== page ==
On this day in 1924 Eric Liddell, nicknamed the ‘Flying Scotsman’, refused to run in the heat of the 100 metres at the Paris Olympics because it fell on a Sunday.
Liddell, who was favourite for the gold medal, had strong religious convictions which did not allow him to compete on the Sabbath.
He famously ran the 400 metres instead – almost the same thing! – and won, setting a new world record. He also won a Bronze medal in the 200 metres. This story was depicted in the 1981 Oscar-winning film Chariots of Fire.
Liddell also played rugby for Scotland, being capped in 7 out of 8 international matches in 1922 and 1923.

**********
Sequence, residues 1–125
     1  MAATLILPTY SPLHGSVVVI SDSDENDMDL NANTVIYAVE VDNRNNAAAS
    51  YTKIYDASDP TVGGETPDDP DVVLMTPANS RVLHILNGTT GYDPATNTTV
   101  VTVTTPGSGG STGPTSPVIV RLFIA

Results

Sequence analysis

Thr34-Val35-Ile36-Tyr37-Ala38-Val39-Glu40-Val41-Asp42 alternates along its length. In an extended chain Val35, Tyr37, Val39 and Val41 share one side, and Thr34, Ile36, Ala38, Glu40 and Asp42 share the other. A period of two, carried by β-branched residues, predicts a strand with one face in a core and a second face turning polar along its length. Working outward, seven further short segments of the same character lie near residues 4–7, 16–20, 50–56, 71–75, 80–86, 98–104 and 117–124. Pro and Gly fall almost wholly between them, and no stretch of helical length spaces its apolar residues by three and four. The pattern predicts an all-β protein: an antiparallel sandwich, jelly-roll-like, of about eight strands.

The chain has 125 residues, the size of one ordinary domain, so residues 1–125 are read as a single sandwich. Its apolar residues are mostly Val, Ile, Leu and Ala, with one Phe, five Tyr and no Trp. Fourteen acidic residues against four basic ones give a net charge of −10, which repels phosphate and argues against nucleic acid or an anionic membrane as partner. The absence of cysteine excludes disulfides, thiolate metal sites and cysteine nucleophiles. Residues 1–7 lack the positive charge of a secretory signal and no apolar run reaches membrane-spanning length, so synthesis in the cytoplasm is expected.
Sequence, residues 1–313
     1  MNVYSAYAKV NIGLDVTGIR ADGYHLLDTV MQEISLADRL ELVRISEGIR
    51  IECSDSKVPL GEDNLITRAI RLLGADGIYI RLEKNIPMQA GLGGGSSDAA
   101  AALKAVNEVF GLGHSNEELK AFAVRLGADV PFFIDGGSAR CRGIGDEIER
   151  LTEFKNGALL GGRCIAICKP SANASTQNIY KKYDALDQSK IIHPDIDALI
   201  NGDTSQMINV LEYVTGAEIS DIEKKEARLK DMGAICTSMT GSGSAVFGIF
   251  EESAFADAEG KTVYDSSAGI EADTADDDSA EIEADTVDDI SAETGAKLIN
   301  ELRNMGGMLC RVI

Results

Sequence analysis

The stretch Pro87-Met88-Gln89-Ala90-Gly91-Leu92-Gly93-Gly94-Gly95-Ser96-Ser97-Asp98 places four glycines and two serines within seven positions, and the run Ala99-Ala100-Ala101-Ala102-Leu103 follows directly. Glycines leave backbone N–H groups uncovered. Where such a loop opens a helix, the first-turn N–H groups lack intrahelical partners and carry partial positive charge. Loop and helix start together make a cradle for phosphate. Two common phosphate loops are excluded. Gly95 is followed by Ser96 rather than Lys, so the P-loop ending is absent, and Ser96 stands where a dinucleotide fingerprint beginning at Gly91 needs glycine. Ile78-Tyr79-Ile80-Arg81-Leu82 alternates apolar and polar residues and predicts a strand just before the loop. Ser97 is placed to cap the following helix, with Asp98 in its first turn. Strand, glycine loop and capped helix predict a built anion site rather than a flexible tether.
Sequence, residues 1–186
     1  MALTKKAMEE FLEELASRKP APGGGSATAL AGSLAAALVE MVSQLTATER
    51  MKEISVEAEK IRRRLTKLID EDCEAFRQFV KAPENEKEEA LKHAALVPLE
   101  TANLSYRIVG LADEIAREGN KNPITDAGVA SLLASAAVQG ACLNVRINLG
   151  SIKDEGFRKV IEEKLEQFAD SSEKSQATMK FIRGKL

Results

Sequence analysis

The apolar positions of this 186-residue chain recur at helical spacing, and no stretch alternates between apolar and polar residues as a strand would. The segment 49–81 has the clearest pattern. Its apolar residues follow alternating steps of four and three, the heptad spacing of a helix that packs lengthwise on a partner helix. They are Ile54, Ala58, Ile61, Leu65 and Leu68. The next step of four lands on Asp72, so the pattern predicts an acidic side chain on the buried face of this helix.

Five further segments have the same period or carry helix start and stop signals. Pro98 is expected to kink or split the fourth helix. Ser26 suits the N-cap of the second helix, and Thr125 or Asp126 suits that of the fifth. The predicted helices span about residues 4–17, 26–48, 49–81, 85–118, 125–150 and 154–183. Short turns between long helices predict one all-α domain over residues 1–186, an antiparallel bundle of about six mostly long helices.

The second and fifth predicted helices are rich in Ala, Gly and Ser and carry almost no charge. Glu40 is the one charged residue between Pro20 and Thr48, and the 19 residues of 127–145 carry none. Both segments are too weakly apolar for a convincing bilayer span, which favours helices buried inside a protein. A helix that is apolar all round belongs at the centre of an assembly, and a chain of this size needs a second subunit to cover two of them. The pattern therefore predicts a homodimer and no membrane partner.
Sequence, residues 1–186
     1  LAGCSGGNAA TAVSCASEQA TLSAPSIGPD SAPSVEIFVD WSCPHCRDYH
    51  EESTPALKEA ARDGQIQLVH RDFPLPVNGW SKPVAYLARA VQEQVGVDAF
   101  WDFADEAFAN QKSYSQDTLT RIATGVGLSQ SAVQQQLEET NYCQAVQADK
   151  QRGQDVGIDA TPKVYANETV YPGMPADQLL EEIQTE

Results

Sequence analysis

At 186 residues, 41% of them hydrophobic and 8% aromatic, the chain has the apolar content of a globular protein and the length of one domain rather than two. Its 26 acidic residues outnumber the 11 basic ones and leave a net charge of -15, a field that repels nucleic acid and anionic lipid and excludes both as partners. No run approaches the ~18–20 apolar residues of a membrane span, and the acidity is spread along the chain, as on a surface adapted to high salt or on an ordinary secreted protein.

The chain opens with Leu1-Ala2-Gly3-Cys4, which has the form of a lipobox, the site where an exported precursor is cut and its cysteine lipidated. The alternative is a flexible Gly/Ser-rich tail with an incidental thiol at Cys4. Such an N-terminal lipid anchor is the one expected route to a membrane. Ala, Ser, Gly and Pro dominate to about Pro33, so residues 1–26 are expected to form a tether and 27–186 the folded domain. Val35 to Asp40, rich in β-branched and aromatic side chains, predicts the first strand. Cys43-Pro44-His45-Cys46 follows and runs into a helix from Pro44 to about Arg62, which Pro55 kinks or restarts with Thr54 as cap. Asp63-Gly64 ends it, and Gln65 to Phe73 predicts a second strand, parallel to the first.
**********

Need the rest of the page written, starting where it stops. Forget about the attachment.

Eric Liddell was born in China, the son of Scottish missionary parents, and returned there to do missionary work from 1925 until his death in a Japanese internment camp in 1943.
Papers released by the Chinese authorities in 2008 show that Liddell refused to leave the camp as part of a prisoner exchange deal, instead giving his place to a pregnant woman.
According to the public voting for the first inductees for the Scottish Sports Hall of Fame in 2002, Eric Liddell was Scotland’s most popular athlete of all time.